How Stanley Kubrick’s unused helicopter footage from “The Shining” ended up in Ridley Scott’s “Blade Runner”

By on December 13, 2015

In March of 1982, after a workprint of Ridley Scott’s Blade Runner was test-screened in both Denver (3/5/1982) and Dallas (3/6/1982), the disasterously bad reviews that the audience gave the film sent the picture’s studio Tandem Productions and the film’s executive producers, Jerry Perenchio and Bud Yorkin, back to the director with the news that they should re-think the film’s downbeat ending. They set about making new plans to give Scott’s film a less ambiguous and more optimistic ending.


If you’ll recall the ending of the original film, we end up seeing Deckard and Rachael (Harrison Ford and Sean Young) running away, into the mountains, driving into a brightly-lit vista that seems rather incongruous to the rest of the film, which is overwhelmingly dark and gloomy.

One off the reasons for this was that Scott had no money left in his shooting budget, and had to resort to asking his friend, director Stanley Kubrick, to “borrow” some of the unused helicopter footage that Kubrick had filmed for the beginning of his 1980 film, The Shining.


Kubrick assured his friend Scott that it wouldn’t be a problem to use some of his unused aerial footage — he’d shot 17 hours of it, his camera following Jack Torrance’s yellow VW Bug as it drove along a winding mountain road.

Here’s what we read over at Open Culture‘s 2013 posting by Colin Marshall:

Flopping in 1982 but ultimately accruing more critical acclaim and cinephile esteem than perhaps any other science-fiction film, Blade Runner, starring Harrison Ford and Sean Young, has become the quintessential modern example of a work of art before its time. Director Ridley Scott, a true cinematic pragmatist, had his suspicions about the film’s box-office fate even during production:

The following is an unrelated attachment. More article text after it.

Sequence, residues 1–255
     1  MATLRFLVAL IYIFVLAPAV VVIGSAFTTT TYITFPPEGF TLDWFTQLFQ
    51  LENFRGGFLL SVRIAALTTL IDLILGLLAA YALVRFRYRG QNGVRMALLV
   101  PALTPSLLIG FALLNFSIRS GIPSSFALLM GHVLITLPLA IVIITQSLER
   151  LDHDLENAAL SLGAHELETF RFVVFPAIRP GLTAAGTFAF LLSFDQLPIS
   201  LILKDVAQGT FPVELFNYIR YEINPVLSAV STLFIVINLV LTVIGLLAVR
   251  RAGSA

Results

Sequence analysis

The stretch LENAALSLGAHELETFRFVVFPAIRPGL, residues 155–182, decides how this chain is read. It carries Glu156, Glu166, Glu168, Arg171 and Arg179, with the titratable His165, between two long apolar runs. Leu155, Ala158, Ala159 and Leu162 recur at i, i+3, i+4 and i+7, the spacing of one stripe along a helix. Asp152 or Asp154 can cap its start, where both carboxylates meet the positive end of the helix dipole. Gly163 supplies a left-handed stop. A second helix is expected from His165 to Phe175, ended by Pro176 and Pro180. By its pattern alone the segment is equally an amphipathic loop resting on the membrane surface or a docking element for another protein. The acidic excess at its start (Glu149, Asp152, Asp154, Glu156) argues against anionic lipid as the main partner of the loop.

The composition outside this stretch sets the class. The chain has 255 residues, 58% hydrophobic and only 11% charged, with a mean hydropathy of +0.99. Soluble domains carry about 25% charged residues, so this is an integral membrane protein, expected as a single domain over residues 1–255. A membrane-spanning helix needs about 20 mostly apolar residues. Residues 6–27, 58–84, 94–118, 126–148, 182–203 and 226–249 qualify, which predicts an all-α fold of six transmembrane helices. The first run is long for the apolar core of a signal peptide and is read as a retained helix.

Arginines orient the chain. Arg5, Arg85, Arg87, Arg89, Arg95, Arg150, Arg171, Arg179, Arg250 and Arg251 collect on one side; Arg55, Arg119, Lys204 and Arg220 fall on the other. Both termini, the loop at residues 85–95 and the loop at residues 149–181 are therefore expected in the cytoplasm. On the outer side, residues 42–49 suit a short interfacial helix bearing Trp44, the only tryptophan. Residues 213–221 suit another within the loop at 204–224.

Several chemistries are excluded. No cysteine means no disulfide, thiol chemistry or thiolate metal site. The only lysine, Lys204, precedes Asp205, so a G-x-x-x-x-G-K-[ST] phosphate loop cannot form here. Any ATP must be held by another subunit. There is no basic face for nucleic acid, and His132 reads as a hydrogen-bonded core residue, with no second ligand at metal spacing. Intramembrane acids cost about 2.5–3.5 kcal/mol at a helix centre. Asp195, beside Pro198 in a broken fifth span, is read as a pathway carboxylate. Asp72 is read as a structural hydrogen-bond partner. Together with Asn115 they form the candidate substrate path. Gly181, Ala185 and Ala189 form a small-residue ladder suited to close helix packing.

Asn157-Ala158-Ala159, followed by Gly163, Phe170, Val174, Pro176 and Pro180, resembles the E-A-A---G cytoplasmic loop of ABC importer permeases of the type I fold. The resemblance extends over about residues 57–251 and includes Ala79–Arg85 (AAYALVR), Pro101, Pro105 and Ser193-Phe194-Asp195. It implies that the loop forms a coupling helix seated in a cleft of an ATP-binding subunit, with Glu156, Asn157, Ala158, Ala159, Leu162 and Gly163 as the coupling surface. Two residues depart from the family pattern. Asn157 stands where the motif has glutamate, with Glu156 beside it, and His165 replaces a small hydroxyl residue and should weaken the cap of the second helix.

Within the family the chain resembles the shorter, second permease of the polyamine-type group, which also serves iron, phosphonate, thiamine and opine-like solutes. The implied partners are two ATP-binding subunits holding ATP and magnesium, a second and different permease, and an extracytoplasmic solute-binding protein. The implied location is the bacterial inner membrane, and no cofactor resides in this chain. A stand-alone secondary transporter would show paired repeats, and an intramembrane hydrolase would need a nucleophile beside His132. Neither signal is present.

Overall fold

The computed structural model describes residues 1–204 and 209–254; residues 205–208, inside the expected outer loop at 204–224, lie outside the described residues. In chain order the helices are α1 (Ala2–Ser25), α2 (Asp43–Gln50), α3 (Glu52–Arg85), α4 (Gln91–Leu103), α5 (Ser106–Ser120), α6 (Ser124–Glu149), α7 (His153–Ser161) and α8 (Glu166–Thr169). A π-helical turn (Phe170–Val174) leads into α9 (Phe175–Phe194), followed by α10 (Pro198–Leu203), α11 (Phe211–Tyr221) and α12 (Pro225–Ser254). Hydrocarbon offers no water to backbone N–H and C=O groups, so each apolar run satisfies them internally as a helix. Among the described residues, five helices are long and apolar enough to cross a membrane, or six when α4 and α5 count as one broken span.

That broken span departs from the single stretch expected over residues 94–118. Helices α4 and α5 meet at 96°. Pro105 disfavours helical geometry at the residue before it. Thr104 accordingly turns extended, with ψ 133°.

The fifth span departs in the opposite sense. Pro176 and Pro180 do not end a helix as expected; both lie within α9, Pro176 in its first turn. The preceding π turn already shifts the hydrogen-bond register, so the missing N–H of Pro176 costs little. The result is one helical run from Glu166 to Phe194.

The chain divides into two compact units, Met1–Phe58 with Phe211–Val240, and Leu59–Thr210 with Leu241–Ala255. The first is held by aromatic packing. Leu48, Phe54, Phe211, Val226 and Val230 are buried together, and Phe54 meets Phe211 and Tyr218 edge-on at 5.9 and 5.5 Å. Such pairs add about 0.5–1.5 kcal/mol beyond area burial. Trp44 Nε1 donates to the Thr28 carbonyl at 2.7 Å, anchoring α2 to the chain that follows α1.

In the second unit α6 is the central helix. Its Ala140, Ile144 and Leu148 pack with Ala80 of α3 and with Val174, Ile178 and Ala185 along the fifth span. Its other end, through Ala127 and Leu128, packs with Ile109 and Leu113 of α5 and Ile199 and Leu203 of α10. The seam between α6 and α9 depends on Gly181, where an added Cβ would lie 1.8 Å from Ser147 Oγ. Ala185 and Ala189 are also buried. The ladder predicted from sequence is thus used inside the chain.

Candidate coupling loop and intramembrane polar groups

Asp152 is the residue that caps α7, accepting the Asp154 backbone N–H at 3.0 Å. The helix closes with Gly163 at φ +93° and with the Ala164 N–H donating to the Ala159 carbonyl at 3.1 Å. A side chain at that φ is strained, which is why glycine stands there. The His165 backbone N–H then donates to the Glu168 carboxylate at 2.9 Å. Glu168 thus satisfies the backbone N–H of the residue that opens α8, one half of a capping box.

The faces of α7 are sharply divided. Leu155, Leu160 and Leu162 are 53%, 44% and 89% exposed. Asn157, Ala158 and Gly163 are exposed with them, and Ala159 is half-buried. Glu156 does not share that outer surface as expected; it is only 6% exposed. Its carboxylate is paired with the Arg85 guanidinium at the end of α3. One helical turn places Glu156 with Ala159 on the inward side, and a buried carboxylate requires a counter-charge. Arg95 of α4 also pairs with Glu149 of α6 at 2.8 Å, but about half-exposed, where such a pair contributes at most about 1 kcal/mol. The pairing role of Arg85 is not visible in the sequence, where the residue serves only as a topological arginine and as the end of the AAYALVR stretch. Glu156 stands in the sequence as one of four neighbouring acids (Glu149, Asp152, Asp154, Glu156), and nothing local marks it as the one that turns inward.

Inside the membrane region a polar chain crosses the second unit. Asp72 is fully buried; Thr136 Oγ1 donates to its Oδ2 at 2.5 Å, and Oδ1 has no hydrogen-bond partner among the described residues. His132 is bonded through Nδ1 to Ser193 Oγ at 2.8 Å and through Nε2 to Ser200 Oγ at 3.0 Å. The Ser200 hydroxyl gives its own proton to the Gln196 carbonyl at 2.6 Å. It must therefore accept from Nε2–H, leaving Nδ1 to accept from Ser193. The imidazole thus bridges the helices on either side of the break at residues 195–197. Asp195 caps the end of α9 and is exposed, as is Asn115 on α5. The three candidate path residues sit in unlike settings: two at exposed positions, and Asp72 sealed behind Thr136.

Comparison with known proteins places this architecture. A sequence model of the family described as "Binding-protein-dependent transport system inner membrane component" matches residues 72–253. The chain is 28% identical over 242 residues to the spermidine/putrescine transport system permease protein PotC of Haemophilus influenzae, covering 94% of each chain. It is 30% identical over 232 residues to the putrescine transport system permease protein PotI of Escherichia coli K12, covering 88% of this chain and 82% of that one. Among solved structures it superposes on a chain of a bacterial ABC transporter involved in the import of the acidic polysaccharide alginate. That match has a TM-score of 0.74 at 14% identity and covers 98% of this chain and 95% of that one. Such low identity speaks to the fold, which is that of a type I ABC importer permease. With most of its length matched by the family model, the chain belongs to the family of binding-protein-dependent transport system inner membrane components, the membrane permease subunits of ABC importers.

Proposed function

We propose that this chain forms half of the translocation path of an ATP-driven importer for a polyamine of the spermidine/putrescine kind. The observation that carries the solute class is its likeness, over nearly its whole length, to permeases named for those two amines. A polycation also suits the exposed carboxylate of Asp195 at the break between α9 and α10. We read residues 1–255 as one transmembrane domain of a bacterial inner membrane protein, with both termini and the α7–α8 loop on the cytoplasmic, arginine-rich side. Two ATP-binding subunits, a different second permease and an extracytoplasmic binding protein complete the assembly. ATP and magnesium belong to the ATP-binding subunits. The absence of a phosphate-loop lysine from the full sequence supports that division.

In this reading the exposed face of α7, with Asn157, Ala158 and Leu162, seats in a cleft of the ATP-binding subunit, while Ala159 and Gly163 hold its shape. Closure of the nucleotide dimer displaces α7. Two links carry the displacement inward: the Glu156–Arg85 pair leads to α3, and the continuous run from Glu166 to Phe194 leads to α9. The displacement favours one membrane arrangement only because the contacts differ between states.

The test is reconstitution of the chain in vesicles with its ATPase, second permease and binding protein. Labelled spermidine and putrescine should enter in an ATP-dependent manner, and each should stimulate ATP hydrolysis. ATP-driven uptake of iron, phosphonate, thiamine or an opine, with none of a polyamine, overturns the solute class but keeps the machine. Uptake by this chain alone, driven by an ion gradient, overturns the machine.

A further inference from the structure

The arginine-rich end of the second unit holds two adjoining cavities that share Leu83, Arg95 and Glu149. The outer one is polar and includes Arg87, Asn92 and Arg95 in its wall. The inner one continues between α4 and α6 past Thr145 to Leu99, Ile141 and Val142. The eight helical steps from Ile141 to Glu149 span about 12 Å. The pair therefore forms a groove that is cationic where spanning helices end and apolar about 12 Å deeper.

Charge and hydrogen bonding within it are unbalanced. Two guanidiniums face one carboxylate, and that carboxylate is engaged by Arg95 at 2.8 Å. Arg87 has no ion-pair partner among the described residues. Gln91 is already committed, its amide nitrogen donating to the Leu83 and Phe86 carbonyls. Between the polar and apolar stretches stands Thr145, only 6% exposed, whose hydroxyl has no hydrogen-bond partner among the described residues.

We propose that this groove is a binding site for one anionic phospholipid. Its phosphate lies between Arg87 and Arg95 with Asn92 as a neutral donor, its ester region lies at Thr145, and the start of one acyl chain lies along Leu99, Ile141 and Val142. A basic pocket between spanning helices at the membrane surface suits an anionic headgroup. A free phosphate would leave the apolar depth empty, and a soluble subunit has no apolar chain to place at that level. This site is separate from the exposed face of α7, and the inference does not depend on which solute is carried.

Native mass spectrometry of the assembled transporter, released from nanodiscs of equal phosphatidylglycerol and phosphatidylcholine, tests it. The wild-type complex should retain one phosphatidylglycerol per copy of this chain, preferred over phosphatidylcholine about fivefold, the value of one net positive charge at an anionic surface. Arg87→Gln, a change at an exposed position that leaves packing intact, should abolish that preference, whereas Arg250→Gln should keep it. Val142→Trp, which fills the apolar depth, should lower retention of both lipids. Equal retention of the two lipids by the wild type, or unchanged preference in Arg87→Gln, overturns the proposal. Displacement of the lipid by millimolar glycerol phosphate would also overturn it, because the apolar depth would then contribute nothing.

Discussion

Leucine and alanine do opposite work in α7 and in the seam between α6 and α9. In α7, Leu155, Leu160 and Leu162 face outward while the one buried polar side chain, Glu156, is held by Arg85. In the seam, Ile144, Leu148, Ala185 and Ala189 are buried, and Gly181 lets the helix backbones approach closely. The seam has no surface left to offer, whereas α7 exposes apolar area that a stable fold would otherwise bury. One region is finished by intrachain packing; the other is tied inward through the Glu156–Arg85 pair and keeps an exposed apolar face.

“The fact is, if you are ahead of your time, that’s as bad as being behind the times, nearly.”

“You’ve still got the same problem. I’m all about trying to fix the problem.”

He and his team decided they could fix one “problem” in particular: the film’s ambiguous ending, which apparently left cold those who saw it. So cast and crew went to Big Bear Lake, where they shot a new sequence of Ford and Young escaping into the mountains.

“I didn’t know how long we’d have together,” says Ford’s protagonist Rick Deckard, in the final words of his faux-hard boiled explanatory voice-over. “Who does?”

The tight shots inside Decker’s flying car, built to soar across a dark, dense, neon-lined post-Japanification Los Angeles but now cruising incongruously through a lush forest, came out okay.Alas, cloudy weather ruined all the wide-angle footage captured at greater distances.

Scott remembered that Stanley Kubrick’s The Shining, a couple years before, had opened with just the sort of overhead mountain driving imagery he needed.

This gave him an idea: Kubrick “must’ve done a blanket shoot of every peak in Montana for The Shining using the best helicopter crew. I’ll bet you he’s got weeks of helicopter footage.” He did indeed have plentiful outtakes and a willingness to hand them over, which meant the first version of Blade Runner in wide release ended with shots from the very same photography sessions that produced the beginning of The Shining.

For all the ingenuity that went into it, this relatively happy ending still, in a sense, wound up on the cutting room floor. Excised along with that widely disliked voice-over as new cuts and releases restored the picture to its original form, it gave way to the originally scripted ending, with its much more suitable (and memorable) final line delivered by Edward James Olmos as Deckard’s colleague Gaff:

“It’s too bad she won’t live, but then again, who does?”

(h/t Colin Marshall, who hosts and produces Notebook on Cities and Culture and writes essays on literature, film, cities, Asia, and aesthetics).


About Bryan Thomas

Bryan Thomas has been a freelancing writer/critic for All Music Guide, and a contributor to Launch, Music Connection, Big Takeover and numerous other publications and entertainment websites, blogs and zines, most of them long gone. He's written more than sixty sets of liner notes. He’s also worked for over twenty years at mostly reissue record labels -- prior to that he worked in bookstores and record stores, going all the way back to the original vinyl daze. He lives in the Miracle Mile neighborhood of Los Angeles, CA.